Despite the impending examinations the lure of the adult summer long-tailed skua was just too much to handle, so after checking that the bird was still on Hatfield Moor this morning I headed out to try and get it.
The site was a trek. I left the house at around half 8 and made it on site at half eleven. The connections were pretty smooth given my luck but there was plenty else to enjoy. Hatfield is a small town surrounded by farmland. The train station is no more than a pair of platforms and about 20 mins walk from the bus stop I needed. I also needed to use the loo at this point so on my walk to the bus stop I decided to call in at the Co-op to see if they had a loo.
For some reason, at this point I looked up. I dunno why, the sky was pretty standard-grey, but overhead there flew at that moment a Cuckoo. I could not believe it. When I saw the bird it had already gone over me but there was no mistaking its form as it flew away. Because of this I have no shots of it, but its quite a record, and quite an odd place to pick it up. I must have looked an odd sight wandering round the co-op celebrating.
I made it to the reserve, but once there succeeded in getting lost multiple times, and finding myself in surprise places but not where I wanted to be. I flushed a good 50 Four-Spot Chasers along the walk, but on the bird front it quiet. There was also a Roe Deer and Weasel, so overall quite a good turnout. The highlight birdwise were a few Shelducks and 3 Common Terns that flew over.
I made it to the site where the bird was supposed to be, but there was nobody there, and the pools were void of birdlife. I was gutted, so after a short stop to see if I was missing anything I began to weary trudge back. I may stress at this point that the reserve is huge, as in its massive, so the trudge back was a long trudge. On the way I did not really pick up any species. The Swifts had been showing well the whole time and they continued to do so, but that was about all.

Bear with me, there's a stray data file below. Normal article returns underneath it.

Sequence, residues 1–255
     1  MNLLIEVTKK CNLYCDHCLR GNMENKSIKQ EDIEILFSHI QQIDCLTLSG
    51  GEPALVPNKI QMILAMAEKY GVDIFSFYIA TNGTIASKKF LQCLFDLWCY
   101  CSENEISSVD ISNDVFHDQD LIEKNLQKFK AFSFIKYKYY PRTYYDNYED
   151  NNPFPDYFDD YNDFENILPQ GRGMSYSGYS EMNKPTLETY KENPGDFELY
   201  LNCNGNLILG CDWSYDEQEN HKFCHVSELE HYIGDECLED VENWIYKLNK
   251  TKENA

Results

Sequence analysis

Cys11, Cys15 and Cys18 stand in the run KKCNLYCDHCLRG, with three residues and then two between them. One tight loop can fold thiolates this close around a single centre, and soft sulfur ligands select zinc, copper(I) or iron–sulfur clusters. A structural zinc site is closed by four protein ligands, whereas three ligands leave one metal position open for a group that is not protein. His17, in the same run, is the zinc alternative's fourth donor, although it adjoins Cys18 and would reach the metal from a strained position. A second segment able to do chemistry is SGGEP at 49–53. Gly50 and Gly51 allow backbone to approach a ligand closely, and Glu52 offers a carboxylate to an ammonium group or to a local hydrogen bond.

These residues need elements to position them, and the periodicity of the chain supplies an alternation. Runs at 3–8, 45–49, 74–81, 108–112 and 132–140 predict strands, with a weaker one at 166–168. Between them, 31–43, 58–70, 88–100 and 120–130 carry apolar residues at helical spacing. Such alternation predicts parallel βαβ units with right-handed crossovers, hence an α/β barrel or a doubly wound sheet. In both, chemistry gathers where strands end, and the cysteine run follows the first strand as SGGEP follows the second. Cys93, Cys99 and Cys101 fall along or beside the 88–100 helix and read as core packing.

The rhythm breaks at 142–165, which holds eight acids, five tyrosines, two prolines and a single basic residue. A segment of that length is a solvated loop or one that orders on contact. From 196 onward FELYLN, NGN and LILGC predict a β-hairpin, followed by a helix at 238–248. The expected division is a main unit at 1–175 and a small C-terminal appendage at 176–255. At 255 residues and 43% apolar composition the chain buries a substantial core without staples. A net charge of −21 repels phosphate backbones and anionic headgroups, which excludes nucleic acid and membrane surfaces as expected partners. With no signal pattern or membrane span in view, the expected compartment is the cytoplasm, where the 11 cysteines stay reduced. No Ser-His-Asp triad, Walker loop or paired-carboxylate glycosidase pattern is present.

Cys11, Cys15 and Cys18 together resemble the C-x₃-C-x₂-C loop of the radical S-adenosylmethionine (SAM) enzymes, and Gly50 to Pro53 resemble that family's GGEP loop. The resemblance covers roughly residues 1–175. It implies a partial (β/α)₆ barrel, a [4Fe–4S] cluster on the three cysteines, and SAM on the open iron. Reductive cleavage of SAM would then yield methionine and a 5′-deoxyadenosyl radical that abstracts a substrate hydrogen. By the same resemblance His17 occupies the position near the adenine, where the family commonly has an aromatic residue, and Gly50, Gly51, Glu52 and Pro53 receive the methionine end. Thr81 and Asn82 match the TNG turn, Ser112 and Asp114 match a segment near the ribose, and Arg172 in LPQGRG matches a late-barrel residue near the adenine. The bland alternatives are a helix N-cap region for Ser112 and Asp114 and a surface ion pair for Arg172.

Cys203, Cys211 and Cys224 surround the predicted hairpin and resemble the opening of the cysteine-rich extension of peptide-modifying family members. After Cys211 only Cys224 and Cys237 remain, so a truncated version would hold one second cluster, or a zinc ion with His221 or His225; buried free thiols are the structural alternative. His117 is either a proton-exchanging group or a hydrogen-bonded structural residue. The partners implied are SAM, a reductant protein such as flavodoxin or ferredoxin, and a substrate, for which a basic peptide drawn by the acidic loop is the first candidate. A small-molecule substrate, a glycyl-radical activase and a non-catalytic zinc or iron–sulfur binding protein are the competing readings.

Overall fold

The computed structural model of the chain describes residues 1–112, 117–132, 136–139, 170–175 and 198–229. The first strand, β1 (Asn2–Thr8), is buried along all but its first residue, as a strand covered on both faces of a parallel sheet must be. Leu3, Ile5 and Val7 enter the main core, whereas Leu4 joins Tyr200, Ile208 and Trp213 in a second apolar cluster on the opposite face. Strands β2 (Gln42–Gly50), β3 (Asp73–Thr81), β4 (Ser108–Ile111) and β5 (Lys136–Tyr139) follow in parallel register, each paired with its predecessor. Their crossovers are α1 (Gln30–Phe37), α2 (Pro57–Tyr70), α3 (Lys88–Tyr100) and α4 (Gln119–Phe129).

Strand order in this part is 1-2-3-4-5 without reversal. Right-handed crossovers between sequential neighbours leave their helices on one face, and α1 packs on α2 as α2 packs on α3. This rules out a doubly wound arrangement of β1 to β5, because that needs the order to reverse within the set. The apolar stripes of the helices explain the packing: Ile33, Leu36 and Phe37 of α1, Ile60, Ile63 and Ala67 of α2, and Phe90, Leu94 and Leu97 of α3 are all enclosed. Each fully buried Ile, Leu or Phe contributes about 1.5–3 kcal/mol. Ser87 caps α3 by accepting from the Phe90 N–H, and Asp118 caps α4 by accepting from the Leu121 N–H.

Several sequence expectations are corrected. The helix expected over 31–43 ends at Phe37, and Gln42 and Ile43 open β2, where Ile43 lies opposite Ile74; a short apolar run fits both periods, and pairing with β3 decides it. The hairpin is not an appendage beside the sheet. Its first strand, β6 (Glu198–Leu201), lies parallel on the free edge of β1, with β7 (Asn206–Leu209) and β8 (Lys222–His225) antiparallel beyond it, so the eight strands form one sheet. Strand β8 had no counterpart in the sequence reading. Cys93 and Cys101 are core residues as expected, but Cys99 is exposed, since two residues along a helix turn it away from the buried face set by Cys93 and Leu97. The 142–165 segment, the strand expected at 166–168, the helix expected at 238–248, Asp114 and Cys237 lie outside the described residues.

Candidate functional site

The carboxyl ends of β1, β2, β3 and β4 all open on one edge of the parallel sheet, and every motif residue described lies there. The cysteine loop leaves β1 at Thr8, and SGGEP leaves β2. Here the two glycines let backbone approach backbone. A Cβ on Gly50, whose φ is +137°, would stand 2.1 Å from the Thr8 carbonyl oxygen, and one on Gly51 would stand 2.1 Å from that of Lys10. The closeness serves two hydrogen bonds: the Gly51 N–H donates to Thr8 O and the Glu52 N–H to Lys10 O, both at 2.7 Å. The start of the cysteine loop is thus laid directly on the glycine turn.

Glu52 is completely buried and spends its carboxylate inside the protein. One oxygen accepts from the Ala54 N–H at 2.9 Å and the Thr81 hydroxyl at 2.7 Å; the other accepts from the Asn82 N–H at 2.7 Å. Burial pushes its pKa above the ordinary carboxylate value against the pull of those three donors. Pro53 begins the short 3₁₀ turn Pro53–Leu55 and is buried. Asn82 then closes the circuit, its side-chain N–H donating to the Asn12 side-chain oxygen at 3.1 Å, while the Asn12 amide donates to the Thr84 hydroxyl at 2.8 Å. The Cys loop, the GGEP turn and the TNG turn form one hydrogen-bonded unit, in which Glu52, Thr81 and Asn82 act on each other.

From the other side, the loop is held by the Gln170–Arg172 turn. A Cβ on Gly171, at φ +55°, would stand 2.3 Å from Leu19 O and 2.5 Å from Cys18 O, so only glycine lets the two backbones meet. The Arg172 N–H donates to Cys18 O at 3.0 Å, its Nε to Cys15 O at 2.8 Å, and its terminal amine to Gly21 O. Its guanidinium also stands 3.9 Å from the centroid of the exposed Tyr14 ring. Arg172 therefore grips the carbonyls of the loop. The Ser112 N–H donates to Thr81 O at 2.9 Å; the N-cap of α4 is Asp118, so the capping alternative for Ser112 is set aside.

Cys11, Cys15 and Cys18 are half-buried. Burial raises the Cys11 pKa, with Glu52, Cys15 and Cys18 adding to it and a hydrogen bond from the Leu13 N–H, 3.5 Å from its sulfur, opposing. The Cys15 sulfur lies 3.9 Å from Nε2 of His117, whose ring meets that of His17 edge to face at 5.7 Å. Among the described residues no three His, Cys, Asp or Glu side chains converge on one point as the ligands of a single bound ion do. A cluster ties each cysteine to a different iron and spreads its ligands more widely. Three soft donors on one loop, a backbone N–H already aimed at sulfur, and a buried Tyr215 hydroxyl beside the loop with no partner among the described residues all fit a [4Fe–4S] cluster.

I did however find some birders at long last, and found out why I had gotten lost. I also found out that the bird had gone at around 12. Apparently it had circled high until it was a mere speck before heading south, alas such is my rotten luck.
I wandered back by the main paths this time to avoid getting lost again. This took me through some smaller pools rather than round the more extensive marsh. Some peculiar calls, probably alarm, led me to a pair of Little Grebes, but they dived as soon as I had eyes on them, and I also found a Southern Marsh Orchid next to the path, so I was able to get some more photos of this species.
-Southern Marsh Orchid
I arrived at the main car park, and finally positioned myself on my map, ideal now that I was going. In the car park there were more birders who helped piece together where the skua had gone. There was also a very vocal garden warbler, which was obviously very close but just not visible. I stayed as long as I dare trying to find it, but it decided to stop calling, or move off as another or the same started singing a way away, so that species still continues to elude me.